“What was supposed to be a two hour drive was much longer, because of the train strike resulting in two major traffic jams.
“We finally arrived close to noon. First we had an abbreviated walking tour of the town. We were supposed to see a bridge but had no time for that. We did get to see the outside of the cathedral on the way to lunch. We had lunch in an historic hotel, Hotel Ritter, built in 1592.
“Viking had posted a notice on the university bulletin board offering lunch to students who spoke English and wanted to practice with Americans. About 5-6 students came. This was definitely a highlight of the trip! The young woman who sat with us, Anna, is a law student who wants to study family law. She said that despite fields being open now to women, the wage gap in Germany is a reality. She also volunteers at a children’s hospital working with very sick kids.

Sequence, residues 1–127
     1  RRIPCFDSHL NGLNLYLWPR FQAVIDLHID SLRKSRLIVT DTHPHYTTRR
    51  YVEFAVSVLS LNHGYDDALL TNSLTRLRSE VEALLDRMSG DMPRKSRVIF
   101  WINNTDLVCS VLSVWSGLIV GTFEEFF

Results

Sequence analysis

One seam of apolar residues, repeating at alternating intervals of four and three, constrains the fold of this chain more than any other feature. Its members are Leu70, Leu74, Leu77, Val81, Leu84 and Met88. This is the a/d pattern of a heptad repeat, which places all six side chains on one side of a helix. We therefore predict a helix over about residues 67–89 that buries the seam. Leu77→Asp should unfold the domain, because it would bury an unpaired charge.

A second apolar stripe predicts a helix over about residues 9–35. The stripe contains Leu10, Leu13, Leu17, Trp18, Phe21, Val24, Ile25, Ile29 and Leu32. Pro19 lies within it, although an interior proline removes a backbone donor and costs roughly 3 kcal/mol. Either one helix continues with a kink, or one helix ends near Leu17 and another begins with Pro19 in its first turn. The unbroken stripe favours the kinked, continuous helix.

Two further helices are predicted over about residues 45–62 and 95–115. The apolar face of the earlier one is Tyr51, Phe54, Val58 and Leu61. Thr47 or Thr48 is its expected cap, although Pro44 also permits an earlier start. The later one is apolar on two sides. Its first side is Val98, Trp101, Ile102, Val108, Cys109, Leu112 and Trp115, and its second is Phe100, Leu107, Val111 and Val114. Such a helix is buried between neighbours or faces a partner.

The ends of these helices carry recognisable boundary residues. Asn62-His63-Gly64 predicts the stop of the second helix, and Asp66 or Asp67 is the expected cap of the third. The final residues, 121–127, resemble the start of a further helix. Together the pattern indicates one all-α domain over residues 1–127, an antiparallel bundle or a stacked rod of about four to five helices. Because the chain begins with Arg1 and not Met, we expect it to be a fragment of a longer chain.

“After lunch we were given the option of shopping or taking the tram to the castle. In a very emotional moment, one of our fellow passengers related that he had been adopted as a child and lived with his adopted parents in the gatekeeper’s cottage.
“The castle has many distinct styles as it was constructed, destroyed and rebuilt many times over the centuries. It is one of Heidelberg’s most visited tourist sights. There is a beautiful view of the town from above. Our tour of the castle lasted about 45 minutes, leaving us a little bit of free time to walk among the shops.
“Definitely, the two highlights of the excursion were the castle and lunch with the students.” (Return to trip Narrative)